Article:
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CUTR Student’s Project Recognized in the Sarasota Herald Tribune

As part of a University of South Florida (USF) graduate course in sustainability and urban development, students analyzed environmental, economic, and social equity issues faced by the Newtown neighborhood located in Sarasota, Florida.  Sarasota city administrators allocated $11.4 million to fund a redevelopment plan for the neighborhood, which would address issues such as economic development, transportation, housing, land use, community health, safety, and welfare. City administrators asked the USF students to develop a variety of projects that would help solve these issues.

CUTR graduate student Christopher Cochran’s project focused on improving transportation in Newtown by analyzing and mapping bus stop conditions in the neighborhood. Mr. Cochran’s final project was well received by Sarasota city administrators and was recognized in the Sarasota Herald Tribune.

Bus Stop Inventory

Building on a project he participated in at CUTR, Mr. Cochran used the Easter Seals Project Action Bus Stop Checklist to develop a bus stop inventory for Newtown.  The bus stop checklist evaluated the following issues: wheelchair accessibility, lighting, shelters, benches, signage, and safety conditions such as crosswalks and traffic flow.

Data Collection

To collect the bus stop inventory data, Mr. Cochran visited the residential areas of Newtown two times over a three-week period to record bus stop conditions and GPS points for each bus stop, tying the observational data with the geographic location of the bus stop. A Microsoft Access database was developed to collect, maintain, and analyze the 32 residential bus stops.

Data Analysis

Wheelchair Accessibility:

–26 of the 32 bus stops had uneven/grass landings that pose potential hazards to wheelchair riders.

–13 of the 32 bus stops had obstacles located in the landing area that have the potential to limit the mobility of the wheelchair.

–Five of the 32 bus stops did not have an accessible ramp to the landing pad.

Sidewalk Conditions:

–Six of the 32 stops had “poor” or “hazardous” sidewalks conditions at or approaching the bus stop, which could limit wheelchair mobility to and from the bus stop.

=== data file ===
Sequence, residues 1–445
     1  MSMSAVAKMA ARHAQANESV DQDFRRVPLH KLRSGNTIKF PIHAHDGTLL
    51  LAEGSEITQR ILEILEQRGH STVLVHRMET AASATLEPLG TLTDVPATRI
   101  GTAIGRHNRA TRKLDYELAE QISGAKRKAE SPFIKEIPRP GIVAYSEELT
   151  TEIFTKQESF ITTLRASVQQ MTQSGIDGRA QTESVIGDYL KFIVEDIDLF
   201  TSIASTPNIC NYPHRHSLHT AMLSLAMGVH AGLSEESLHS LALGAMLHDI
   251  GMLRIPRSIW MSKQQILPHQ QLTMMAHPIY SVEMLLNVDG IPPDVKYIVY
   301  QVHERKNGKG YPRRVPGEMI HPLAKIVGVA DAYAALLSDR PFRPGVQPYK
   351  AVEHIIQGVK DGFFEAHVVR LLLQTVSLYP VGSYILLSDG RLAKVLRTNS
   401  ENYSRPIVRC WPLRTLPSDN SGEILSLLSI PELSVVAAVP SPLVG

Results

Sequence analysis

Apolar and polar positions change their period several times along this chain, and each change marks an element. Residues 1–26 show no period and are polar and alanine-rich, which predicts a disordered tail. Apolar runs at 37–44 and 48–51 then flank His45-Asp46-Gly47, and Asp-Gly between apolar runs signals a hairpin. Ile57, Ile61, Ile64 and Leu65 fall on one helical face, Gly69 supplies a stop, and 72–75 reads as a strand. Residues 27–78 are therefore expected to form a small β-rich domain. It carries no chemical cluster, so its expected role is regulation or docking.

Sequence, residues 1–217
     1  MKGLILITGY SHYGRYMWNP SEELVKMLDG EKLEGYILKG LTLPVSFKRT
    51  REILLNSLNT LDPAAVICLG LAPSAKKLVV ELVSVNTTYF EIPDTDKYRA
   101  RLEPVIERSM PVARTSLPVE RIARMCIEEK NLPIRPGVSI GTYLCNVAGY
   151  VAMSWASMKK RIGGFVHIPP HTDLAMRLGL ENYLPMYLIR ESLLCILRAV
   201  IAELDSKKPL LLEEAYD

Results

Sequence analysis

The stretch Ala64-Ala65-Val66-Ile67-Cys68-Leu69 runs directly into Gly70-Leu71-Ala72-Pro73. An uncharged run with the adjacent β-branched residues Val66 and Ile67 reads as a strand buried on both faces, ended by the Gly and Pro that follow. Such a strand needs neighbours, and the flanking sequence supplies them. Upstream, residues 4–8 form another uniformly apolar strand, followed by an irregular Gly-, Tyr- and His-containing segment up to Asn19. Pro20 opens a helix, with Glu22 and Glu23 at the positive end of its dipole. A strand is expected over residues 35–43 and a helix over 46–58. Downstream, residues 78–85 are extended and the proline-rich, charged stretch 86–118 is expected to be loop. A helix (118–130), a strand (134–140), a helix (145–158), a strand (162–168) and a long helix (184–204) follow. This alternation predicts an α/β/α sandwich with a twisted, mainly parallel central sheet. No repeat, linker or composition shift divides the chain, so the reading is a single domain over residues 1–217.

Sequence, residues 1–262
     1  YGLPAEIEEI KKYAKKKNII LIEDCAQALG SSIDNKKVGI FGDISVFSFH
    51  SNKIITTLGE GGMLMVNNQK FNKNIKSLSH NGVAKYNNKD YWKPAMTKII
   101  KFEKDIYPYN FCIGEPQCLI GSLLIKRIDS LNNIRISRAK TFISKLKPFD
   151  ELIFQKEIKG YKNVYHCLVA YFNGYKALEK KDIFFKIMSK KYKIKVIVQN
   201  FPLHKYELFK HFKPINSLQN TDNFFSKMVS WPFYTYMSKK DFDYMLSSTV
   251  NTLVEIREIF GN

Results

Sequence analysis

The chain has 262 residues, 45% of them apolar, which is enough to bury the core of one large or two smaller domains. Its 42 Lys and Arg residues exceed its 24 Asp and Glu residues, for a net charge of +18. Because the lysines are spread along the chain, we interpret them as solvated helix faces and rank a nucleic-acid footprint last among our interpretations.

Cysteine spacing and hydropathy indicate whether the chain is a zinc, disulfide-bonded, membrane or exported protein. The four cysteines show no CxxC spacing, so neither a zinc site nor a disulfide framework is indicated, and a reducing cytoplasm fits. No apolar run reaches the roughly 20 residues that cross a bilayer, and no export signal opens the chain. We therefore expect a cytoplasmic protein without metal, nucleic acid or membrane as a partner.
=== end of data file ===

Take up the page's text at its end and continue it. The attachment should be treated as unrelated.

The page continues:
Lighting:

–22 of the 32 bus stops did not have lighting at the bus stop site.

Bench Conditions:

–Five of the 32 bus stops had benches; of the five, two had “poor” or “hazardous” conditions associated with them.

Safety Conditions (Far-Side Intersections):

–Two of the 32 bus stops have “far side” intersection stop sites, which can expose the exiting rider to danger if they cross in front of the bus.

Bus Stop Inventory Maps

Based on the data, Mr. Cochran developed an overview map of all the bus stops in the residential section of Newtown, created five maps highlighting the primary problems faced by the individual bus stop sites, and provided a map highlighting his recommendations for a new bus route and bus stop shelter. Please click on the below links to view the maps.

Overview Map

Wheelchair Ramp Accessibility

Sidewalk Conditions

Lighting

Bench Conditions

Safety Conditions (Far Side Intersections)

Observations and Recommendations

Conclusions

Based on the problems highlighted by Mr. Cochran’s bus stop inventory project, Sarasota city administrators now have the ability to quickly address significant problems at bus stops in high ridership areas. In addition, the redevelopment plan funds can be allocated to those areas that need it most and upgrading the bus stops will improve the appearance and safety of the neighborhood, increasing the overall livability of the community.

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